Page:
A group of research centers and companies in which the Universidad Carlos III de Madrid participates has created the first infrared and remote system able to detect pollutants from cars on highways up to three lanes. Their goal is to be able to conduct a global test of automobile emissions.
The prototype developed, ready to be marketed, can make an intelligent measure of highway traffic by collecting real-time data on traffic density, emissions and consumption associated with each vehicle, and weather conditions. With this information, the impact of traffic on the environment can be analyzed and road safety can be improved. It is similar to a radar in the way it works, although in this case it detects excess pollutants from each vehicle, affirm its creators, who work within the framework of the INNPACTO project, led by the company Technet and employing researchers from CIEMAT, the company Tevaseñal and the UC3M.
Approximately five percent of vehicles are responsible for more than 90% of toxic emissions. With this system, it can be determined which vehicles are "big emitters" (pollute more) and policies that facilitate their identification can be created. And with this, point out the scientists, traffic emissions (CO2, CO, NOx, HC, PM) would be reduced and energy efficiency would increase, given that a decrease of emissions always implies less consumption. In addition, measures for optimizing consumption and emissions could be adopted, like varying speed limits on high capacity roads that enter and exit big cities.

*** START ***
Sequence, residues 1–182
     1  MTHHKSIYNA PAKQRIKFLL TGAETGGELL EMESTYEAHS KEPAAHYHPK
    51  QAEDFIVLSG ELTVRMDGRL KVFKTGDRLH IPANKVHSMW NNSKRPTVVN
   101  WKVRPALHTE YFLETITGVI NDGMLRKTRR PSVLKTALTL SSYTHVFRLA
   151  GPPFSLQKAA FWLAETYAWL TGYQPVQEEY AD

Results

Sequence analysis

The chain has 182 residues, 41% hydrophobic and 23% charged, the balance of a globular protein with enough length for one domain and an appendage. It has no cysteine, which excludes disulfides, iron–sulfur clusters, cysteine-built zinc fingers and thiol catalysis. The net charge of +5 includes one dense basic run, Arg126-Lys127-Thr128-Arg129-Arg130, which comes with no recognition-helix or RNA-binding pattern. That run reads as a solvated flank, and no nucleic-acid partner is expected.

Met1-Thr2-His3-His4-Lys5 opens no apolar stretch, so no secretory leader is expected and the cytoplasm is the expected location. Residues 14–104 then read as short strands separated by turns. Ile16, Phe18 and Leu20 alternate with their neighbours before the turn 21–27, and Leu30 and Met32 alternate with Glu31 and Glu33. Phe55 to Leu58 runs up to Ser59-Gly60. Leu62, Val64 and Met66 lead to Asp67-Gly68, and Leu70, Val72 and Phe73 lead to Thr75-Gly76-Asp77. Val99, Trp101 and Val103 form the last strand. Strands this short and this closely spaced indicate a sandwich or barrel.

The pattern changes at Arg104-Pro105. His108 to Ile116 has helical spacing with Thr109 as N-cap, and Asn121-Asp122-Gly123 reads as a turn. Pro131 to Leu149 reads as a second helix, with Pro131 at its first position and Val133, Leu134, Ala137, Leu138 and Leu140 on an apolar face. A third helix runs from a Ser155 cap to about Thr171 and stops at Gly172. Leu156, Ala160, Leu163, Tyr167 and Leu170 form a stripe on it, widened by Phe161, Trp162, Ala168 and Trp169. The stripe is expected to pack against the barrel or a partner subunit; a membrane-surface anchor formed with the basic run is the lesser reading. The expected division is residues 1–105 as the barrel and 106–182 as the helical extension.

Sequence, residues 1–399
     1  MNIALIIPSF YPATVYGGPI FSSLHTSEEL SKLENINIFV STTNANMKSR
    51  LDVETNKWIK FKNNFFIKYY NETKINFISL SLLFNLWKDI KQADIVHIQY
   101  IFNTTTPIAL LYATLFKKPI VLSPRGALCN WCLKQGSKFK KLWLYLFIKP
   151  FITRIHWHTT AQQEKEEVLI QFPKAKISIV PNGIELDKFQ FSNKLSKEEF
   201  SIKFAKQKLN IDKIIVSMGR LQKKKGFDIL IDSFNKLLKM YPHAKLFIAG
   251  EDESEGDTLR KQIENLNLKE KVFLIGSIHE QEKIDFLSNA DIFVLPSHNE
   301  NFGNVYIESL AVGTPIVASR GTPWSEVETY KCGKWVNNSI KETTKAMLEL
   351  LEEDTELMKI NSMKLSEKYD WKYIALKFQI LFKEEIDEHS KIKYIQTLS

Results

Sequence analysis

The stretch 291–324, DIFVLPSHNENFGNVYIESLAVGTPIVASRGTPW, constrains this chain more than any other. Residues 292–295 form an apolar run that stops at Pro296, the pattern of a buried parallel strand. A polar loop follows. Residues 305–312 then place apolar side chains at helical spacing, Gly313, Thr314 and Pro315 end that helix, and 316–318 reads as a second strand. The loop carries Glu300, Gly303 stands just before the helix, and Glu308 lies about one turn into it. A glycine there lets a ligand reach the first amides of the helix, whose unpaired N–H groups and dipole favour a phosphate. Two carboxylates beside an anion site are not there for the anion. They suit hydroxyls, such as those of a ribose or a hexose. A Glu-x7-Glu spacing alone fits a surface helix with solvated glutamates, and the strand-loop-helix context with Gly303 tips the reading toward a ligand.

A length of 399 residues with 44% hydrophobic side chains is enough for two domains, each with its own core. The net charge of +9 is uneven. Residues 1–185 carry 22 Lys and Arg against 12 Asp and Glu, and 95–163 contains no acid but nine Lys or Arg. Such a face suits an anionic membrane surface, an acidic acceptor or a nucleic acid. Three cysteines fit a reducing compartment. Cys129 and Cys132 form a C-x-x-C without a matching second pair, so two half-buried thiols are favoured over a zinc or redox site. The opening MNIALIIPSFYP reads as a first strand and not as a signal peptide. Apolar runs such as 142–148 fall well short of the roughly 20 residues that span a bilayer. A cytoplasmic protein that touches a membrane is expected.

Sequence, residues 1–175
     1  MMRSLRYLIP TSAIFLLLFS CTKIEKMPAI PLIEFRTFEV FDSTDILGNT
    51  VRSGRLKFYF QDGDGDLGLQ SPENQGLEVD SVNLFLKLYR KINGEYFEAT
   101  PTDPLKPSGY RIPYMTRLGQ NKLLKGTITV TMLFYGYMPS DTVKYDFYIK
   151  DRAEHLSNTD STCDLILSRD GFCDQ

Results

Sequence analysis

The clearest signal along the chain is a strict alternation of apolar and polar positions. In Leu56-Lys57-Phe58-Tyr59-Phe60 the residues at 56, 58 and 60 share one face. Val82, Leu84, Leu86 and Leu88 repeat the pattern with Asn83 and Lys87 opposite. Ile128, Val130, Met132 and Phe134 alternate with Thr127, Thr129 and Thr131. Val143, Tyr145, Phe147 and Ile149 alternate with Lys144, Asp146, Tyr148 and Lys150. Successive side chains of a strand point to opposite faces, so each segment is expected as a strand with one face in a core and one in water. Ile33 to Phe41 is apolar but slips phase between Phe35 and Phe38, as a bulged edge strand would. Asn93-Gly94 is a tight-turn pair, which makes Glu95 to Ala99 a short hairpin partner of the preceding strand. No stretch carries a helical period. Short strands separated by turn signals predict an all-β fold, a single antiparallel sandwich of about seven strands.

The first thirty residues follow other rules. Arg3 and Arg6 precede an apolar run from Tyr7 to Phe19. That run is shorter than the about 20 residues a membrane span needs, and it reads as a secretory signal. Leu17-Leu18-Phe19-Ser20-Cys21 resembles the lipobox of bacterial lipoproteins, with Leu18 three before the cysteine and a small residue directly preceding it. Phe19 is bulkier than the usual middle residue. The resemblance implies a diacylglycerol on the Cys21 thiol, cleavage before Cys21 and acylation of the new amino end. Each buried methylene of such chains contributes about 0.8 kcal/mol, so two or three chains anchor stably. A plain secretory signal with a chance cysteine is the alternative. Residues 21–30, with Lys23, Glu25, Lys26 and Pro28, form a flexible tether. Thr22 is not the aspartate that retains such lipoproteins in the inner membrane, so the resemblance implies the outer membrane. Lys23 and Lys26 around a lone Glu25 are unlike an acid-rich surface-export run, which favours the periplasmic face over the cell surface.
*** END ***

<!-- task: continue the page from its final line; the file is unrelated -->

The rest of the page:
According to its creators, the device is the only prototype on the market capable of measuring the emissions of each vehicle circulating on a high capacity road, that is, one that has more than two lanes. To test the effectiveness of the system, the researchers recently carried out a final demonstration on the A6 highway near Madrid, installing equipment that measured the concentrations of pollutants coming from all the vehicles on the road.
The prototype developed in the Infrared Lab of the UC3M is based on the modification of an infrared multispectral image camera with interferential filters. Its creators start from the premise that all toxic gases have an emissions signature in the infrared which enables them to be detected by remote technology. "These filters are located in a wheel that turns at a high speed in front of the detector and they provide consecutive images of the same scene on different bands, which allows for remote detection of some unburned gases (CO2, CO and HCs)," explained Fernando López, head of the UC3M's Infrared Lab, where he has also overseen the creation of a specific software for measuring concentrations of gases.
There are many applications for this technology. It can improve the analyses of emissions from automobiles in a city or region, which would lead to solving current problems of pollution. It would also give the government a powerful tool for making environmental policy. As the scientists remark, one example would be to withdraw from circulation those vehicles which pollute the most according to real emissions data. At the same time, the product is a comprehensive solution for the transportation sector, especially for companies with big logistic operations. In fact, there are already several companies which have expressed interest in the project.
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